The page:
Unlike the Fitbit Sense, which has a few more “smart” features, the Sense 2 is very limited compared to any Apple Watch. It no longer supports music storage from a few apps or even music playback. It has a disabled wi-fi sensor, so you can only download updates via Bluetooth 5.0. And it no longer supports Google Assistant like the original Sense. The only key hardware tool you’ll care about is the mic and speaker for taking Bluetooth calls on your wrist.
I bring this up here instead of in the Software section below so it’s clear that Fitbit had very different priorities than Apple when designing its watch and cut away the pseudo-smarts and storage for third-party apps that the last generation supported. All of its focus is on supporting a wide range of sensors across a six-day battery life.
The Apple Watch SE 2022 has the same S8 chip as the Series, giving you the same fluid scrolling and enough memory to support a wide range of watchOS apps. Aside from a couple of Google apps, Fitbit can’t compete for everyday performance, and swiping through menus will generally be slower and more optimized.
In exchange, the Apple Watch SE 2022 has the same Achilles heel as every other Apple Watch: the 18-hour battery life max that makes it difficult for users to get through a full day and night of sleep tracking without multiple charging sessions. And it reportedly takes about 1.5 hours to charge to 80% or 2.5 hours to 100%, compared to 2 hours for the Sense 2.
Of course, the Apple Watch SE also has very deliberate compromises. Like the Sense 2, it does have some essentials like an accelerometer and gyroscope for accurate movement tracking, an altimeter for tracked effort at elevation, ambient light to adjust the 1,000-nit brightness to surrounding conditions, and the essential heart rate monitor — though it’s Apple’s second-gen sensor, not the newer third-gen one in the Series 8.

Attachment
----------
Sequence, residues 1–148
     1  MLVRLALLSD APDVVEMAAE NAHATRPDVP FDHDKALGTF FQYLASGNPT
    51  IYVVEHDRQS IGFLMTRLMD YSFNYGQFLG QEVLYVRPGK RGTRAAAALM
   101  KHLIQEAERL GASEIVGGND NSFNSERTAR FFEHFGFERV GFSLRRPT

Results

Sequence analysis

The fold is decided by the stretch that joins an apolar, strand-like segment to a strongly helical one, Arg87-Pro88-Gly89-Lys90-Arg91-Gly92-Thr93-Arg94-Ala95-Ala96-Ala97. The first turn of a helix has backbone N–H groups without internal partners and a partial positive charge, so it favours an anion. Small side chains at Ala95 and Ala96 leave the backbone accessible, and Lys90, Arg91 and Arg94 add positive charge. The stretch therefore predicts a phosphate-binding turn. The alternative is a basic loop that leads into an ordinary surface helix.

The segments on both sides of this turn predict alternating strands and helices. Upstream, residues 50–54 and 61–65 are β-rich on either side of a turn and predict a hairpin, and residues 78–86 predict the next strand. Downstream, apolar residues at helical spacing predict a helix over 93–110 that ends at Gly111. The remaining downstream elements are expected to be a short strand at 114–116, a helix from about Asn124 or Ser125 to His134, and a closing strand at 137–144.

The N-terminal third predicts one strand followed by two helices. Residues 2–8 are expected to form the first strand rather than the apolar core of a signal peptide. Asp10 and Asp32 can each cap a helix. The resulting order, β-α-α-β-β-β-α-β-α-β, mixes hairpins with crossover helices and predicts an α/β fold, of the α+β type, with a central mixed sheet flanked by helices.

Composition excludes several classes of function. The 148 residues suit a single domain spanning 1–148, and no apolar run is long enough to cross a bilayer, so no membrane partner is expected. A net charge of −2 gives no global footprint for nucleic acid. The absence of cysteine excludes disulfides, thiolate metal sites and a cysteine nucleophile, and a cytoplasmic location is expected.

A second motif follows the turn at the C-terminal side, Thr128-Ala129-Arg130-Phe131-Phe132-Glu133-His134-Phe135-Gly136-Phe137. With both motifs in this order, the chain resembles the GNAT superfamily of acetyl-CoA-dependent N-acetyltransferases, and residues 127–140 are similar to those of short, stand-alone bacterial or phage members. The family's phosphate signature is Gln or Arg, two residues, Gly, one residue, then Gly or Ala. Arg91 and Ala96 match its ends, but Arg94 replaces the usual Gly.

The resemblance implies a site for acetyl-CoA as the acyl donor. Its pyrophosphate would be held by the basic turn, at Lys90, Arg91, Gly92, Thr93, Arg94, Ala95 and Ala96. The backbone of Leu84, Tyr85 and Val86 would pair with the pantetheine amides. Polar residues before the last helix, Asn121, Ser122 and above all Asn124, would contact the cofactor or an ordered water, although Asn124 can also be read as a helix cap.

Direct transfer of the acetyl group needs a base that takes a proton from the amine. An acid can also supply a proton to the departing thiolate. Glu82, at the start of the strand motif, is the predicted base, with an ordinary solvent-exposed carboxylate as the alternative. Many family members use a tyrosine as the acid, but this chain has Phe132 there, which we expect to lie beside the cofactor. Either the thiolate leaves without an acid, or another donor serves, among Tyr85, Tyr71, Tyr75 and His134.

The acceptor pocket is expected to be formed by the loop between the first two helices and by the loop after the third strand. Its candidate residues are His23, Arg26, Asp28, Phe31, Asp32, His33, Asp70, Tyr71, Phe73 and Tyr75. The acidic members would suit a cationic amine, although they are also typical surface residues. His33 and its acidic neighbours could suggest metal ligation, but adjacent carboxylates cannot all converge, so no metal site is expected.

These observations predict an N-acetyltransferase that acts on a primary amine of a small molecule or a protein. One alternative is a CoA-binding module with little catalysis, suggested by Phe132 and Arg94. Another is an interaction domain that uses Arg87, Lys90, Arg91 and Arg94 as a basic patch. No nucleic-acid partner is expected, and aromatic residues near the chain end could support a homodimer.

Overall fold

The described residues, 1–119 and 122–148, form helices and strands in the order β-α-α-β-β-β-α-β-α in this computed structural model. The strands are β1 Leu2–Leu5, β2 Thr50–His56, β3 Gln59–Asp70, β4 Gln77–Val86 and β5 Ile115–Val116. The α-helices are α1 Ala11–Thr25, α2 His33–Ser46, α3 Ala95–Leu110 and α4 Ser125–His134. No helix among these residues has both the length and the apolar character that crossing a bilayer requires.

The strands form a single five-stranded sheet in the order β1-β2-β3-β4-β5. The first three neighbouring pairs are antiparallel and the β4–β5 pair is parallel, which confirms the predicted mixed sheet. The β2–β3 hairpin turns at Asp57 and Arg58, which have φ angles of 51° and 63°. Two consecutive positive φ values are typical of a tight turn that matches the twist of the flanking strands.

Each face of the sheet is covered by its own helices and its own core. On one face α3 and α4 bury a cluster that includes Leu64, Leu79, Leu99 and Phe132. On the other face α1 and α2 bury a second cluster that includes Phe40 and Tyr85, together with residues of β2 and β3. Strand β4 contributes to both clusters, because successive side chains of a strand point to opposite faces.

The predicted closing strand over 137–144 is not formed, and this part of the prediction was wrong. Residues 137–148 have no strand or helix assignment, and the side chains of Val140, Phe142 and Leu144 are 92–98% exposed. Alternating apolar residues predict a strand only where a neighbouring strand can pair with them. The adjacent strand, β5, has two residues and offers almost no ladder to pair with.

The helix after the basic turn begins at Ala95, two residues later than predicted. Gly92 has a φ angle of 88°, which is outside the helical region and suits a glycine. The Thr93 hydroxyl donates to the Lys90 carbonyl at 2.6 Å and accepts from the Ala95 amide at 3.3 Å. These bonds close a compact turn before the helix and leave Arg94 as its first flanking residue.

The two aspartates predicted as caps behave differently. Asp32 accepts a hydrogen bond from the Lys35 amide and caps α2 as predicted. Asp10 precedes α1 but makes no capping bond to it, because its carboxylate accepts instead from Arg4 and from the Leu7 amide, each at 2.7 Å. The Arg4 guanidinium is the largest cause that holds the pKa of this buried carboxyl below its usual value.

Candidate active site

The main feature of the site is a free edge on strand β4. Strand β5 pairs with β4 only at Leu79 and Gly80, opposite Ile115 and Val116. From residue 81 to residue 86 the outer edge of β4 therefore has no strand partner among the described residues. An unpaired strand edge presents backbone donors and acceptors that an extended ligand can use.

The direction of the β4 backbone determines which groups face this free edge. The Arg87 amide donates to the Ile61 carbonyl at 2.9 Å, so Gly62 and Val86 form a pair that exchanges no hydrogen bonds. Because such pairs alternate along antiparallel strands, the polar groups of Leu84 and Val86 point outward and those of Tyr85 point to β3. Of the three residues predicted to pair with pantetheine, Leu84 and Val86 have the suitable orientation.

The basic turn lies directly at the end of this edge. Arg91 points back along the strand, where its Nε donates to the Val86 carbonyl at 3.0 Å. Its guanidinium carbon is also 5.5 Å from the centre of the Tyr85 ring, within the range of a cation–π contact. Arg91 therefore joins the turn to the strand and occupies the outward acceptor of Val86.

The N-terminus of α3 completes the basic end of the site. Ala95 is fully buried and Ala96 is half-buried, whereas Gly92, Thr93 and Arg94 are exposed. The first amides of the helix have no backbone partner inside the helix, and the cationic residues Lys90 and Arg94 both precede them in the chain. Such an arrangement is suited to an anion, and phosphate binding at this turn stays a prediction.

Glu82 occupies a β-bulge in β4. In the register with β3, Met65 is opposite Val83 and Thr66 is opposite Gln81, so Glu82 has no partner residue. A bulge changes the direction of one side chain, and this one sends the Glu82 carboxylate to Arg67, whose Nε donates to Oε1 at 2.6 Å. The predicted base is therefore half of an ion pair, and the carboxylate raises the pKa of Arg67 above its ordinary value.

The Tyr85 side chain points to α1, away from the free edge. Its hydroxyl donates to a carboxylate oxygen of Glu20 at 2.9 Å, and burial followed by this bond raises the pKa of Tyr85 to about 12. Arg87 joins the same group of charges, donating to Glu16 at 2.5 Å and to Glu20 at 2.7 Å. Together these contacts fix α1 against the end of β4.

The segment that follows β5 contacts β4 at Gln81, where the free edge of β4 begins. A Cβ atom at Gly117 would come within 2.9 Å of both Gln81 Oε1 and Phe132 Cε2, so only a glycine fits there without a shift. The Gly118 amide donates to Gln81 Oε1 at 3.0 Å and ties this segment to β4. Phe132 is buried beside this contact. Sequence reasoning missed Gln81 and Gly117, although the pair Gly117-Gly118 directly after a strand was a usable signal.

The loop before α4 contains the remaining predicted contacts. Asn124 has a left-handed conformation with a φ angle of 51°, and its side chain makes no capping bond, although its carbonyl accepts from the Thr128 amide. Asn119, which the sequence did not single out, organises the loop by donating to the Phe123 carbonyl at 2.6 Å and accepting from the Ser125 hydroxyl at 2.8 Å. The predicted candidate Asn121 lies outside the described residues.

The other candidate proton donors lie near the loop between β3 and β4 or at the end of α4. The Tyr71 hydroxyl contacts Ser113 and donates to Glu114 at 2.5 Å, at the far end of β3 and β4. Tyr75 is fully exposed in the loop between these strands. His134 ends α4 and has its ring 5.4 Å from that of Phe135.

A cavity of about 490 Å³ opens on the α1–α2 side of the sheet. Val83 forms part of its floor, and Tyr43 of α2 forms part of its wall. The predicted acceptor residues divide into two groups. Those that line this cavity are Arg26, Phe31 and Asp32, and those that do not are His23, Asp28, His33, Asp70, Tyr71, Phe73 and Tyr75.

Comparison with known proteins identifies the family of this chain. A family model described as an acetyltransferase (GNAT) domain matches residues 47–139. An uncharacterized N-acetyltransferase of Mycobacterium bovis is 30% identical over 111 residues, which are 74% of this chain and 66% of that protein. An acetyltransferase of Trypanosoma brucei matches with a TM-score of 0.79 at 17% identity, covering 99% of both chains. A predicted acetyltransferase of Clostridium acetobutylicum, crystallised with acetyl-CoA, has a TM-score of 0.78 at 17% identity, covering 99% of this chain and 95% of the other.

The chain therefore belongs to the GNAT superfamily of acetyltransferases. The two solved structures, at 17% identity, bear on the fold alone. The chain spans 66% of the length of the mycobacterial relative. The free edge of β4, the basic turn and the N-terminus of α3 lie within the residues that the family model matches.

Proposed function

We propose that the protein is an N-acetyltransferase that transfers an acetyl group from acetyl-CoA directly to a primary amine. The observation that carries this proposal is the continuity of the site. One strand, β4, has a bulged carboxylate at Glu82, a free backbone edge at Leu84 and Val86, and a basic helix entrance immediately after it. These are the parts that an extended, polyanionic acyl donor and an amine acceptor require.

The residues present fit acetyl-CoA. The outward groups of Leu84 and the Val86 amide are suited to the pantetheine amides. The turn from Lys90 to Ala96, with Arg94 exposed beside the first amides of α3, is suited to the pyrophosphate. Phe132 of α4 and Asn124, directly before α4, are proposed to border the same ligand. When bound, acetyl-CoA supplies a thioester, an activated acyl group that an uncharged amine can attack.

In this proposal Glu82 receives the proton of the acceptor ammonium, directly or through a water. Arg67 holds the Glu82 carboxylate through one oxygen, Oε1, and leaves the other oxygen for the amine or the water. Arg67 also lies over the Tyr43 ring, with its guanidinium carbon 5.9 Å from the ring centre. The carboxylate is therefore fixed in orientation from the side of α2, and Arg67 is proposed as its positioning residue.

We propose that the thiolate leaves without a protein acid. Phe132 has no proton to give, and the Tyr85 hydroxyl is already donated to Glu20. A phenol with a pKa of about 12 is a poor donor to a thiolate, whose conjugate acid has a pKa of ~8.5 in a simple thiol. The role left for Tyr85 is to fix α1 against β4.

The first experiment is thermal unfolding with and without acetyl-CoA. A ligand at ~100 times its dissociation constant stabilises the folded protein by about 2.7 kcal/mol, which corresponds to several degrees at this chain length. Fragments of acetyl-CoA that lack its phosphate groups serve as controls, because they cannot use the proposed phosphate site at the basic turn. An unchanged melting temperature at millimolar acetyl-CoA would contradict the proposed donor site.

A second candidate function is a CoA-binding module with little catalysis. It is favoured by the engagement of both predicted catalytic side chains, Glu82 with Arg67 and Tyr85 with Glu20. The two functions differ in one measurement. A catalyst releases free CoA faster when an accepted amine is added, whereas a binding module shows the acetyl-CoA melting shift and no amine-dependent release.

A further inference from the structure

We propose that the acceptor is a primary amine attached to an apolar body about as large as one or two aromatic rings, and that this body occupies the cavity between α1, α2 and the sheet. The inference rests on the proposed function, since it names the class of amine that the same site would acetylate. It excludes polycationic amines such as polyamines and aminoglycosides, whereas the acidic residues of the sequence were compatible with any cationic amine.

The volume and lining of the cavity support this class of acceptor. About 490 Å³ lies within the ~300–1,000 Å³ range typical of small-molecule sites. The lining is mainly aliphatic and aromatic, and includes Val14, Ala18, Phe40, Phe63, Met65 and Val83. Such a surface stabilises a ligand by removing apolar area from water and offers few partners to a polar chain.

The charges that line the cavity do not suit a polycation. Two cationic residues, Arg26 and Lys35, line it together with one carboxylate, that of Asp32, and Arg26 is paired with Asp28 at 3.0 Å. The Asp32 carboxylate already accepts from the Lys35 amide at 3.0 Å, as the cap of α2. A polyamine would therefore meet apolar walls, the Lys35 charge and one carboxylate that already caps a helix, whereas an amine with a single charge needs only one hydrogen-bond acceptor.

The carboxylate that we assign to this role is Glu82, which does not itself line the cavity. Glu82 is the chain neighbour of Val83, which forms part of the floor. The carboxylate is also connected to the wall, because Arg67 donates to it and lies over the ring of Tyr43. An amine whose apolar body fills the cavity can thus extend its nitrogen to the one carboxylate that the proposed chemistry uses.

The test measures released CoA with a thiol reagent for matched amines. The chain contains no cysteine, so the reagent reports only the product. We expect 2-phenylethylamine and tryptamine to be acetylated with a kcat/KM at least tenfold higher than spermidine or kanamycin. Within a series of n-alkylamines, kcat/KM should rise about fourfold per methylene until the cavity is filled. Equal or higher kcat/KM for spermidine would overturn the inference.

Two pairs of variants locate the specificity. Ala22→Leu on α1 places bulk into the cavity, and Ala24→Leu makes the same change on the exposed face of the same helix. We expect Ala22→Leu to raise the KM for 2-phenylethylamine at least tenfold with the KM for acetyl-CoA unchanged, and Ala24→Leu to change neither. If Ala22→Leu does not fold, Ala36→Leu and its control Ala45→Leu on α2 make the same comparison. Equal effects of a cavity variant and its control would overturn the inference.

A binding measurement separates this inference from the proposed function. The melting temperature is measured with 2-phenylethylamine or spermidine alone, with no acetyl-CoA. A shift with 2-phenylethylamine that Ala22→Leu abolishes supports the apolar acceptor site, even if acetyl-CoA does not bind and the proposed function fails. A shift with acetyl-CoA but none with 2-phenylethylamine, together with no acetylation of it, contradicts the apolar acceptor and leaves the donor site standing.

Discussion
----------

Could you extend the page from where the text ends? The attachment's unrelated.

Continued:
Plus, it has GPS, GLONASS, GALILEO, and BeiDou; the Sense 2 lacks the latter two navigation systems, which are especially useful for tracking in Europe and China, respectively. It also has newer Bluetooth 5.3 support, Wi-Fi connectivity for faster downloads, and the option to upgrade to LTE for an extra $50.
Where does the Apple Watch SE fall short? It cuts Series 8 sensors like blood oxygen monitoring, an ECG for heart rhythm readings, and the new skin temperature sensor for health and ovulation tracking. It also lacks the Sense 2’s unique cEDA sensor for constant stress-level tracking.
Apple Watch SE 2 (2022) vs. Fitbit Sense 2: Health and fitness
Of course, to access most of the Sense 2’s unique sensor data, you’ll need a Fitbit Premium subscription. You do at least get six months of free access when you buy one, giving you access to a variety of scores and reports: Daily Readiness, sleep score, wellness report, stress management score, and skin temperature score, among other data.